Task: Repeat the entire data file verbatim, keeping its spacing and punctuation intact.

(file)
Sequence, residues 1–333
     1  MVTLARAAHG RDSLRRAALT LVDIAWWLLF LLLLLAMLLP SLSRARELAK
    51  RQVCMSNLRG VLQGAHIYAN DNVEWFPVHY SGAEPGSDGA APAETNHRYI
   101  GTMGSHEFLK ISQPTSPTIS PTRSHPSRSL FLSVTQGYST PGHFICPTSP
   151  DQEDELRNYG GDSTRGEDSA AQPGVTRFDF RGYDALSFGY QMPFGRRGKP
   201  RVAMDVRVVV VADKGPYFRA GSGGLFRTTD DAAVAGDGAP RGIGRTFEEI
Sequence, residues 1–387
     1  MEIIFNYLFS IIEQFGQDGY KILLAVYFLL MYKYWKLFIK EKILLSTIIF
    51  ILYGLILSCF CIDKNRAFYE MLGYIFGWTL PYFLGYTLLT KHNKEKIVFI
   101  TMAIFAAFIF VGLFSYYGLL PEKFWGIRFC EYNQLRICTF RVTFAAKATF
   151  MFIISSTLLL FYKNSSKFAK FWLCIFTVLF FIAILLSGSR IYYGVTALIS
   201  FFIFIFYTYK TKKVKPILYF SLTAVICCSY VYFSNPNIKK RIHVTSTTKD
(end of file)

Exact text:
Sequence, residues 1–333
     1  MVTLARAAHG RDSLRRAALT LVDIAWWLLF LLLLLAMLLP SLSRARELAK
    51  RQVCMSNLRG VLQGAHIYAN DNVEWFPVHY SGAEPGSDGA APAETNHRYI
   101  GTMGSHEFLK ISQPTSPTIS PTRSHPSRSL FLSVTQGYST PGHFICPTSP
   151  DQEDELRNYG GDSTRGEDSA AQPGVTRFDF RGYDALSFGY QMPFGRRGKP
   201  RVAMDVRVVV VADKGPYFRA GSGGLFRTTD DAAVAGDGAP RGIGRTFEEI
Sequence, residues 1–387
     1  MEIIFNYLFS IIEQFGQDGY KILLAVYFLL MYKYWKLFIK EKILLSTIIF
    51  ILYGLILSCF CIDKNRAFYE MLGYIFGWTL PYFLGYTLLT KHNKEKIVFI
   101  TMAIFAAFIF VGLFSYYGLL PEKFWGIRFC EYNQLRICTF RVTFAAKATF
   151  MFIISSTLLL FYKNSSKFAK FWLCIFTVLF FIAILLSGSR IYYGVTALIS
   201  FFIFIFYTYK TKKVKPILYF SLTAVICCSY VYFSNPNIKK RIHVTSTTKD